According to Jeremy Rubin, a Bitcoin Core contributor, Silicon Valley’s culture in general remains at odds with open-source philosophy, in that the former doesn’t give enough credit and support to the broader ecosystem.
Rubin told CoinDesk:
“You see this at a couple different companies but I think they [Coinbase] are one of the most egregious. They’re trying to do better, but they got a ways to go.”
Still, Lallo detailed some of the exchange’s work in reaching out to the open-source developer community that has attempted to shift that perception.
For instance, in mid-March, Coinbase introduced the Coinbase Protocol Team, whose mission it is to contribute to community-led projects, naming payment channels, proof-of-stake blockchains and light clients as some areas of interest, and widely respected bitcoin programmer Jim Posen is a part of the team.
Around the same time, Coinbase announced its Open Source Fund, which donates roughly $25,000 a month to public blockchain projects.
Even Dashjr recognizes that Coinbase’s efforts aren’t “bad” and could even bring to the table some insights that open-source developers may miss, since they don’t interface with the business community quite as much. “It just isn’t the norm or ideal,” Dashjr said.
Others argue, though, that such programs, after years of inaction, aren’t enough, though Rubin said he sees the problem as bigger than any one company.
In Rubin’s view, lucrative blockchain companies could easily donate a few million dollars each in grants and sponsorships for open-source developers. It’s the same argumentopen-source developers have made regarding a whole slew of integral internet protocols that have allowed companies like Google, Facebook and Uber to grow into multi-billion-dollar companies.
“Not only do they not do that [provide generous patronage], but they don’t support a lot of conferences that are really critical to the space. They didn’t support the MIT Bitcoin Expo this year, even though they sent a bunch of recruiters,” Rubin said, adding:
“I don’t think Coinbase really gets open source.”
In addressing the criticisms, Lallo said, “As we grow, expect to see more investments – both in terms of time and money.”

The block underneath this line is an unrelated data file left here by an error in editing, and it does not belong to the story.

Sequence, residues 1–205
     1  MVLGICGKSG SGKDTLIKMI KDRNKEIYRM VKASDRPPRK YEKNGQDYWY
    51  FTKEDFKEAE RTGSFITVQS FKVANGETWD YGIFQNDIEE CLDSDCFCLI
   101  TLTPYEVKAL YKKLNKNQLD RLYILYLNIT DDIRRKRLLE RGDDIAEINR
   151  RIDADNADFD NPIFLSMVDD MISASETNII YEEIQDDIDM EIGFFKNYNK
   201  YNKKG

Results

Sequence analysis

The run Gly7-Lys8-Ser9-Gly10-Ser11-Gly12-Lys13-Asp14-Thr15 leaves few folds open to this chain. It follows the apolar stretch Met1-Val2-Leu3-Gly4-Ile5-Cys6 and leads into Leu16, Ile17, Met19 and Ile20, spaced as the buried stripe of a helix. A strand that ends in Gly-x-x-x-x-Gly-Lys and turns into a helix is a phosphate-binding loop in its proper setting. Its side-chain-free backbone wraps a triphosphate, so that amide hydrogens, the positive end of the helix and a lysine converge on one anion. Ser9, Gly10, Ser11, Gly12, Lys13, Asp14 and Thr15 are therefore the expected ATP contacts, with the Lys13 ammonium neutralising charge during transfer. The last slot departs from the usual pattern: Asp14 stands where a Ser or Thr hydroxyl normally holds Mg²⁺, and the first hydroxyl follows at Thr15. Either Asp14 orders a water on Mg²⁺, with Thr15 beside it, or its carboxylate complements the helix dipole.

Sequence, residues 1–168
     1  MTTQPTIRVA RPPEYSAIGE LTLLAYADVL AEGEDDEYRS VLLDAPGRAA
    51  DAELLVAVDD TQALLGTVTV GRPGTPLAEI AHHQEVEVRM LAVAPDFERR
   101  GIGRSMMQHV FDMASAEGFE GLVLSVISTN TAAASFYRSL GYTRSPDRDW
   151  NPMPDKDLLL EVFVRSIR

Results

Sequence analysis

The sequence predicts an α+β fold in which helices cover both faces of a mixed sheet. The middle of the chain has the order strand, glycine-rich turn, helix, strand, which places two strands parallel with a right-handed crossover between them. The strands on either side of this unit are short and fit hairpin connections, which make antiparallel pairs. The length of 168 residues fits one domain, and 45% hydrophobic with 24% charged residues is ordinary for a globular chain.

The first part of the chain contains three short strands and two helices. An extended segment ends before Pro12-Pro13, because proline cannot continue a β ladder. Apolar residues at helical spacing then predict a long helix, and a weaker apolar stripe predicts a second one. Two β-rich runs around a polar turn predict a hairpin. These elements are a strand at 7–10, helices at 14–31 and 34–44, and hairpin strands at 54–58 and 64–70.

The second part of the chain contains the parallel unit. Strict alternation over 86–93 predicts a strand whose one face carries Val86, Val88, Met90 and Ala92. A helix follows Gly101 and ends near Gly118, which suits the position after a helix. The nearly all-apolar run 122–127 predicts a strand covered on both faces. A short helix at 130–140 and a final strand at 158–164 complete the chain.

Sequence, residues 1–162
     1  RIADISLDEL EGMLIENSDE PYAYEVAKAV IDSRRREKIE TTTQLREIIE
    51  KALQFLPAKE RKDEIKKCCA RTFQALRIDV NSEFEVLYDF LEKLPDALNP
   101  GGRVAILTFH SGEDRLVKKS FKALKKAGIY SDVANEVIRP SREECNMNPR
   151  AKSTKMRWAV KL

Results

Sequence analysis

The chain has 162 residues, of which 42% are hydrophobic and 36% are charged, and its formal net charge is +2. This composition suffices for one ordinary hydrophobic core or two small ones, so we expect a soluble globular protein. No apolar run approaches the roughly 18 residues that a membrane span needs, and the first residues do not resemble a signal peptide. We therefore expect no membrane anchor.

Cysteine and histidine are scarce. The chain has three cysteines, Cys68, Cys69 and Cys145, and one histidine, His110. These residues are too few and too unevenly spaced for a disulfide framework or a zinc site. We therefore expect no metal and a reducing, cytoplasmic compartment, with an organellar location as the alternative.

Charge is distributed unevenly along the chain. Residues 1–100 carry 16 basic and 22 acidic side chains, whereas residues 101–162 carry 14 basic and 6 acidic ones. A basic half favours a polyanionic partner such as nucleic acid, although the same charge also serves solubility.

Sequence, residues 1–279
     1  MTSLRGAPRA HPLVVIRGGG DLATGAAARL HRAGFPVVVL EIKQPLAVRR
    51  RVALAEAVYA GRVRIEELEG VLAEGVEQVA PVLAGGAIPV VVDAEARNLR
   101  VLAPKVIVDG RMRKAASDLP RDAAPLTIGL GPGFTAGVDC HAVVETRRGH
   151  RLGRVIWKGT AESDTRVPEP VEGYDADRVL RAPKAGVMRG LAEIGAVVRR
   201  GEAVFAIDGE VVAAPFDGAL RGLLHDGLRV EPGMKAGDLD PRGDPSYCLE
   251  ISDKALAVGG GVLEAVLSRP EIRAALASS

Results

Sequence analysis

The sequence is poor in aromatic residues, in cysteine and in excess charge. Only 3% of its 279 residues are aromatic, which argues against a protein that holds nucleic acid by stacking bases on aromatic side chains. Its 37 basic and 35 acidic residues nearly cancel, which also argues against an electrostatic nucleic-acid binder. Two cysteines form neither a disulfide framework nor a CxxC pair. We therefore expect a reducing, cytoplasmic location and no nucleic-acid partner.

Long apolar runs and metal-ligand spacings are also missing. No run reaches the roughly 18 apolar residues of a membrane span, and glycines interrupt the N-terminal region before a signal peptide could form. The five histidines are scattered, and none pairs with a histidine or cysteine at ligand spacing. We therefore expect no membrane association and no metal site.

Coinbase also announced in a blog post on Thursday that a new venture capital arm of the company will provide “financing to promising early-stage companies” that “move the space forward in a positive, meaningful way.”
Rethinking the culture
But it might take more than time and money.
According to Christopher Allen, the former principal architect at Blockstream, it’s more about adapting to the culture of open source.
For instance, Blockstream, which funds the work of several developers who solely work on the bitcoin protocol, goes a step further by offering employees individual patent rights for technologies they contribute to, in addition to roughly 20 percent paid leave to work on side projects.
“These types of very progressive attitudes towards open source were a large part of my consideration [in joining Blockstream] because I’ve been working on my own projects for a number of years,” Allen said. “I wanted to be able to continue to work on them without being constrained.”
Joe Lubin, founder of ethereum startup incubator ConsenSys, echoed the importance of this cultural shift toward independence. As such, ConsenSys strives to retain top talent by letting employees choose their own projects and work whenever and from wherever they want.
Tough to retain
Still, many leading blockchain companies struggle to retain talent.
For example, bitcoin security startup BitGo lost Alex Bosworth, a renowned developer who now works on lightning network implementations, in December.
According to Bosworth, the missions of large tech companies, and now large crypto companies, run counter to the ideals of the developers who started developing the protocols to begin with.
“The tech companies are building empires based on locking users into walled gardens and generally not thinking about what is best to progress the needs of the user,” he said. “That’s something that open source software addresses which is pretty inspiring and fulfilling to work on.”
As such, the community has rallied around several initiatives that fund developer work without strings attached.
For instance, several developers CoinDesk spoke to mentioned Chain Code Labs, which sponsors a handful of Bitcoin Core developers at a financial loss through the money the founders, Alex Morcos and Suhas Daftuar made from a previous Wall Street venture. And Allen recently launched the GitHub Blockchain Guild, which aims to create new opportunities to fund contributions to various blockchain projects.
The collaborative, autonomous nature of these initiatives is what makes open-source cryptocurrency developers so drawn to them.
Speaking to the need for the industry to adapt to the open-source culture, Lubin said:
“Nobody works on projects that they don’t care deeply about. An entrepreneur’s freedom to develop their own projects and operational style doesn’t need to change.”